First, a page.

At the ASLA Annual Meeting & EXPO in Denver last year, I attended several “Inside the LA Studio” education sessions where I was at once intrigued and captivated by the unique journey each leader took to establishing a successful landscape architecture firm. How does an emerging professional make the transition from education to practice? In particular, what are the critical elements that intersect in the formation of a successful landscape architecture firm?
To learn more, the same four questions about organization, culture, vision, roots, and process were put to the leaders of successful landscape architecture firms that differed in size, structure, and culture. The responses showed a pattern of critical elements essential to building and maintaining a vibrant practice.
We chose to profile two firms and the unique journeys each firm’s leader took to their present success. In Part I, we asked Keith Bowers, FASLA, Principal of Biohabitats those four questions. In Part II, we will profile the journey of LLG.
LLG International Co-Founder/ Principal: Jeff Lakey, ASLA, CLARB, MLA
At LLG we recognize that attaining sustainability means respecting the reciprocal relationships inherent in living systems. As we all know, our species has leveraged our economy with industrial thought models and fossil fuels to its detriment. An alternative is hinted at by ecologist Stephen Harding in his book Animate Earth: Science, Intuition and Gaia when he says, “You start with life, with human life and the life of the planet, and ask, how can we generate the conditions for life’s flourishing?” I think it nicely summarizes the obvious limits to quantitative physical and economic growth.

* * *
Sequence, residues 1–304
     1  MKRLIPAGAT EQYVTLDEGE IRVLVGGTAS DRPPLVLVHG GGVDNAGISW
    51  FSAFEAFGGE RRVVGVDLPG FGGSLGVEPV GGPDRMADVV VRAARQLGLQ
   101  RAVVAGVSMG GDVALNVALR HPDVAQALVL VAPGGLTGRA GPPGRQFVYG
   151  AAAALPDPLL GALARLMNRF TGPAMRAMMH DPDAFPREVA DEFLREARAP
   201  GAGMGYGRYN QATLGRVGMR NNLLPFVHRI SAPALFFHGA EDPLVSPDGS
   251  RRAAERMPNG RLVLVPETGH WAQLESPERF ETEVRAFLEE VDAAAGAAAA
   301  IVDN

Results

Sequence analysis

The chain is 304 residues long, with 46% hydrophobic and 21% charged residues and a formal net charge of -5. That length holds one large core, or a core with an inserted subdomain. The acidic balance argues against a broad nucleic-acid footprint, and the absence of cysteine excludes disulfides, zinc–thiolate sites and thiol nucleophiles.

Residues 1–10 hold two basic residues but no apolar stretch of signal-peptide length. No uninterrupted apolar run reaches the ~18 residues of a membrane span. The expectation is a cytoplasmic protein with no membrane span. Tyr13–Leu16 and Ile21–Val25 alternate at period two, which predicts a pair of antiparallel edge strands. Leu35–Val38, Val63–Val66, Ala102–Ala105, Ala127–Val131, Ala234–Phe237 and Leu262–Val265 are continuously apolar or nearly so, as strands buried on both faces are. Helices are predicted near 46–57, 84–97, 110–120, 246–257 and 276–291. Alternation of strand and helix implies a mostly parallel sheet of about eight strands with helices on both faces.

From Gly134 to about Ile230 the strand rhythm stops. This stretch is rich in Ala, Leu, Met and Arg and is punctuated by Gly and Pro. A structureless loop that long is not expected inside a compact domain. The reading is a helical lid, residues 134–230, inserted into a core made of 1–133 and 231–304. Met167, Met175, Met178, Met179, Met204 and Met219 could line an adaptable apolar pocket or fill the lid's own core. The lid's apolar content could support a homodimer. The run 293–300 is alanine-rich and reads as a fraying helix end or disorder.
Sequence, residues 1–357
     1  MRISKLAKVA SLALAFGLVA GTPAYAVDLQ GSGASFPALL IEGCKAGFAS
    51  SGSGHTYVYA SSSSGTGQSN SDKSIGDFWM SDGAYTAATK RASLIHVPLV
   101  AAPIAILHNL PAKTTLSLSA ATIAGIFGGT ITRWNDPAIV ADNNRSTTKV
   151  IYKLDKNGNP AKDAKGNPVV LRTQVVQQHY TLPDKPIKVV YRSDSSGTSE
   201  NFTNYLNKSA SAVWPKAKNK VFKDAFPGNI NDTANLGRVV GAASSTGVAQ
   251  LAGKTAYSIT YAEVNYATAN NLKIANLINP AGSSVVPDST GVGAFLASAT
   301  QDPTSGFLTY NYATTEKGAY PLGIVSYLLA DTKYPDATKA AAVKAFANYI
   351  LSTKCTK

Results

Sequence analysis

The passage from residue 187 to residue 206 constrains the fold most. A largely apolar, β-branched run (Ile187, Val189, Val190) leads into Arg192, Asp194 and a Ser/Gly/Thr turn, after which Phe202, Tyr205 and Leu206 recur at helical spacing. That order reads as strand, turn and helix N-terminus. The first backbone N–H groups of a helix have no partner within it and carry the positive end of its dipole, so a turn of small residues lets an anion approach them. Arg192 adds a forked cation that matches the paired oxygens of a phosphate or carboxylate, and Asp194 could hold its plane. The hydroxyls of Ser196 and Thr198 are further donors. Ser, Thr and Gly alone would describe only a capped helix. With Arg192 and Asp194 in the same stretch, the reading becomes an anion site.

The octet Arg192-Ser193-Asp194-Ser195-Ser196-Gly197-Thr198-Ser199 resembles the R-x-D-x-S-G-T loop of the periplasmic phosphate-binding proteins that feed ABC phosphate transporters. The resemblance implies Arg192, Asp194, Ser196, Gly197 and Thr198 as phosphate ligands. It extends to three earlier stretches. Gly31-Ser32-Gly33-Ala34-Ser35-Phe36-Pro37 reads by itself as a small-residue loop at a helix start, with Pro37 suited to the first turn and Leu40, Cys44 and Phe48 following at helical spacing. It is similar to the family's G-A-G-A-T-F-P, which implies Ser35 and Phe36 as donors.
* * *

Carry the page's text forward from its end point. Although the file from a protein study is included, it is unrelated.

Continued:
With these ideas, LLG is developing international planning, design, and construction solutions modeled on the integrated processes of living systems. We provide ecological planning, urban design, and landscape architecture services to clients—from traditional land and formal organizations to fully integrated on-site biologically organized production and purification systems.
We are looking to design sites to sustain people with closed loops of energy, water, food, waste, and wildlife, on-site. Our target clients are primarily those who are operating facilities at a significant scale and aim to meet stringent “net-zero” sustainability goals such as: the generation of renewable power, the production of food edibles while eliminating fossil fuel toxicity, processing of waste materials locally and on-site to be used as a resource for heat, fuel, and soil development, and wastewater biosystems that support plant and animal life while providing on-site clean water sources for a variety of uses.